As I write this, the outside temperature in Toronto, Ontario’s biggest city, is plus-one. This means that every furnace and space heater in that area is fighting against a temperature difference of around 19° in order to maintain an indoor temperature of 20°. The ease or difficulty with which it is winning that battle depends on the walls, windows, ceilings, and floors that confine the indoor space. If those building elements are flimsy, or if they are good conductors of heat, or if there are gaps between them which allow air to pass freely between inside and outside, then the heater will have to work harder.
Most heaters in Toronto run on natural gas. Right now, the majority of these heaters currently working to maintain 20° in indoor spaces in Toronto are collectively producing somewhere in the neighborhood of 11,900 megawatts. If the outdoor temperature in and around Toronto remains 1° for the next hour, then those heaters will have produced 11,900 megawatt-hours of energy. And because their heat came from combustion of natural gas, each of those megawatt-hours came with roughly 200 kilograms of carbon dioxide (CO2). Which means that in one hour gas-fired heaters in Toronto will have produced 2,381 tons of CO2.
Have a look at Table A1 on the right. That shows the amount of energy contributed to the Ontario electricity grid by various types of generators. As I write this, the table shows that last hour the generators feeding the grid made 18,426 MWh of electrical energy. Those 18,426 MWh came with 593 tons of CO2.
So, 18,426 MWh and 593 tons of CO2 for electricity in all of Ontario, versus 11,900 MWh and 2,381 tons of CO2 for heat in Toronto.
And here’s a further, and more uncomfortable bit of reality. Since I started writing this, the temperature in and around Toronto has dropped to -3°. There is now a difference of 23 degrees in temperature between a 20° inside room and the outside. Toronto’s heat load is now around 14,400 MW. If that temperature holds for an hour, and the total energy for that hour equals 14,400 megawatt-hours, then the CO2 price will be more than 2,800 tons.
Toronto could be getting all its heat from a much cleaner source. Have a look again at the electricity table. Note the amount of energy that is being produced in the nuclear plants: 11,036 MWh in the last hour. Note the amount of CO2 that accompanied those 11,036 MWh: zero. That is less than the megawatt-hours of heat that Toronto needed last hour.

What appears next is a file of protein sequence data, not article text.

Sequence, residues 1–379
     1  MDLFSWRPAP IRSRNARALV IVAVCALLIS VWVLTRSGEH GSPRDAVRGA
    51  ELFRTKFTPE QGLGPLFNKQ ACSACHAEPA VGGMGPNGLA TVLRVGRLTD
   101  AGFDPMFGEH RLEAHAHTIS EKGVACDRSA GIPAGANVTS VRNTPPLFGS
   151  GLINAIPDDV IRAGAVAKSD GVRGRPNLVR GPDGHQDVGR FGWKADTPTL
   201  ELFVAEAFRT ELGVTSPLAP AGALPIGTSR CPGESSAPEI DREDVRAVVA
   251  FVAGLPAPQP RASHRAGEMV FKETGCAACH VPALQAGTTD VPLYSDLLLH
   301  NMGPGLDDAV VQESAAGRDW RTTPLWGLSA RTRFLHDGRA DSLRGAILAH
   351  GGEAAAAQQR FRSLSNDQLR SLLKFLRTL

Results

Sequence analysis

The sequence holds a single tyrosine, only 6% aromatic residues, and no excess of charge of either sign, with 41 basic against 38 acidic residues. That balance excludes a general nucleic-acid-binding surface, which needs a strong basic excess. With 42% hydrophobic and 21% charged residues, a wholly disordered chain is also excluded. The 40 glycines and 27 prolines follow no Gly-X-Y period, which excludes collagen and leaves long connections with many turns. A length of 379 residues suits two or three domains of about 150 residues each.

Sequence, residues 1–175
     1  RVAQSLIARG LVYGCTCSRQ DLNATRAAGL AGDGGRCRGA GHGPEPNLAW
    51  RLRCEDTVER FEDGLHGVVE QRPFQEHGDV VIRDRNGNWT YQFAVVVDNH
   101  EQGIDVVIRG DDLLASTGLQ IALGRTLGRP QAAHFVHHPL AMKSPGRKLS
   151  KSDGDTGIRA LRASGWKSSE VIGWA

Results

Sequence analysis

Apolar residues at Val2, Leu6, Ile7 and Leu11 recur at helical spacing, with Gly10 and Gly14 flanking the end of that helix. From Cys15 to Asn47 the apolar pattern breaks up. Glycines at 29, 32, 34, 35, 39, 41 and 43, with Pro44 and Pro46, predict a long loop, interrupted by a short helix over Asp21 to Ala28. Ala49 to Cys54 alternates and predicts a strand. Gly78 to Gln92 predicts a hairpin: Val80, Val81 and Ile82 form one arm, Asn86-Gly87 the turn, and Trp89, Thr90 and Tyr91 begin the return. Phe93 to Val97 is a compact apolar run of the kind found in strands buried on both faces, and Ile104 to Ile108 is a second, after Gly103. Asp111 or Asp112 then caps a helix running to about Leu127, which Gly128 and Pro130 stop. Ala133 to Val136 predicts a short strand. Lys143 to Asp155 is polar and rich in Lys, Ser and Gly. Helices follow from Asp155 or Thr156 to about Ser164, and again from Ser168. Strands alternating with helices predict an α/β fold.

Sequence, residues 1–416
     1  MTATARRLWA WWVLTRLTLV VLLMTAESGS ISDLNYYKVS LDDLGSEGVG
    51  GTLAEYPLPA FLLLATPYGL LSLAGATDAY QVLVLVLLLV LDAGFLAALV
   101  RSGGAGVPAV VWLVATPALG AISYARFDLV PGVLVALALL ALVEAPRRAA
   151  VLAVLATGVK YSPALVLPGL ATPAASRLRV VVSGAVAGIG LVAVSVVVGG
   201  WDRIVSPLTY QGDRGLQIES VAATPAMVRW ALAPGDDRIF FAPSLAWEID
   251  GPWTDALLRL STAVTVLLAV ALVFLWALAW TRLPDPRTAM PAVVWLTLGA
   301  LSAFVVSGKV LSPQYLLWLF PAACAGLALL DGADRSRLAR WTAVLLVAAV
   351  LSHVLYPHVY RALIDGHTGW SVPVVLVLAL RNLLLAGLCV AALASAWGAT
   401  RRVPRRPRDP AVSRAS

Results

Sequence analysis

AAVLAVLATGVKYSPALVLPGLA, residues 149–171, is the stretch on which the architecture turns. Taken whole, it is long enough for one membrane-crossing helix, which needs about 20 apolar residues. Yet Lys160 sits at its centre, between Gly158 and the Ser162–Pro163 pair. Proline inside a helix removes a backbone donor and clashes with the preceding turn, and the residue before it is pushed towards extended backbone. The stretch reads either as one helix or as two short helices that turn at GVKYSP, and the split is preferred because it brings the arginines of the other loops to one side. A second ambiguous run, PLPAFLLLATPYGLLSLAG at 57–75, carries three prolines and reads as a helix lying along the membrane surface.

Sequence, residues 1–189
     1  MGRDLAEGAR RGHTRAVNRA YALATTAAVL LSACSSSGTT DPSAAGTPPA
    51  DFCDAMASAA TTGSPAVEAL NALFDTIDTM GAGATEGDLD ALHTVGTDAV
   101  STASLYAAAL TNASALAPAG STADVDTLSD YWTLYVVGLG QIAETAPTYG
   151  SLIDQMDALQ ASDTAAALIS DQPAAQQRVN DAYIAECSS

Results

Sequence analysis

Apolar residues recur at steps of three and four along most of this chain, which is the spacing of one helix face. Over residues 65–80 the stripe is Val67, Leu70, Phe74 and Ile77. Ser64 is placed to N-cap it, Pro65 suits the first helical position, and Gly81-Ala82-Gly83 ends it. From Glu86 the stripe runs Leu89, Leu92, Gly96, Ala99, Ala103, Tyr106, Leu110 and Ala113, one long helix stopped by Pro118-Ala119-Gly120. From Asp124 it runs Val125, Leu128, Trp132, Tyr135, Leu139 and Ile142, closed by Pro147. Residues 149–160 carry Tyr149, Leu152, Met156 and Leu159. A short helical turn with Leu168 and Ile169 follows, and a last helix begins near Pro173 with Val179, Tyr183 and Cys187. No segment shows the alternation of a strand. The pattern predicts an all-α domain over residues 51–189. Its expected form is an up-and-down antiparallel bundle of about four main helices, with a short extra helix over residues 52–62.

Which is to say, we could have had a nuclear fleet twice the size of the current one, dedicated to doing nothing other than providing heat for Toronto over a plus-one hour, and that still would not be enough heat.
As it is, had everybody in Toronto an hour ago decided to switch to cleaner heat and plugged in and turned on every available electrical heater, or in the absence of a dedicated heater just set their electric oven to 500 and opened the oven door, that could have added literally thousands of megawatts to Ontario’s electrical load. It would likely have pushed grid capacity into the red zone and caused a crisis. Only the hydro and gas generators could have increased output to keep up with demand, and as there are around 10,000 megawatts of gas-fired capacity and each kWh of gas-fired electricity comes with 400-500 grams of CO2 we would see our electricity CIPK spike to around 158 grams.
Now, the heaters currently supplying gas-fired heat to Toronto right now have, collectively, a CIPK in the ballpark of 200 grams (I am being very generous with my estimate of their collective efficiency). You could look at the counterfactual CIPK of 158 and say that that is an improvement, but that would be wrong. You have to look at the CIPK of the sources that provided the extra 11,500 MWh for heat (that efficiency is close to 100 percent). That CIPK, assuming that 1,500 MWh came from hydro and 10,000 from gas plants, is about 347 grams. Meaning that if Toronto were to get 11,500 megawatts of heat from electricity for one hour, the city (and planet) would be better off just getting that heat from gas-fired heaters—as it is actually doing.
The only scenario in which getting an additional 11,500 MW from electricity for use in space and water heating makes environmental sense is one in which those 11,500 MW come from zero-emitting sources.
And the only zero-emitting source that we can expand is nuclear.
It is becoming well known that Ontario’s big emitting sectors are now transportation and heat. As I have said before, we would wipe out a major chunk of space-heat-related CO2 within a single decade by adding enough nuclear generating capacity to meet our demand for space heat and hot water.
How much capacity would that require? That is, quite literally, a multi-billion-dollar question. As we have seen, during a plus-one-degree hour on a sleepy Sunday Toronto needed more than 11,000 MWh of gas-fired heat. That was about as much energy as the entire provincial nuclear generating fleet made as electricity. As I mentioned, in that hour we could have easily made use of a nuclear fleet twice the size of the current one.
That was just for Toronto. For a plus-one-degree hour.
Ontario is at a crossroads. We must decide whether our energy future is with nuclear, or with methane (natural gas). We have an emissions crisis, and we cannot solve it by adding more methane to our energy mix. We must decarbonize, fast, and there is only one way we can do it.
Luckily, we have proven our own way forward.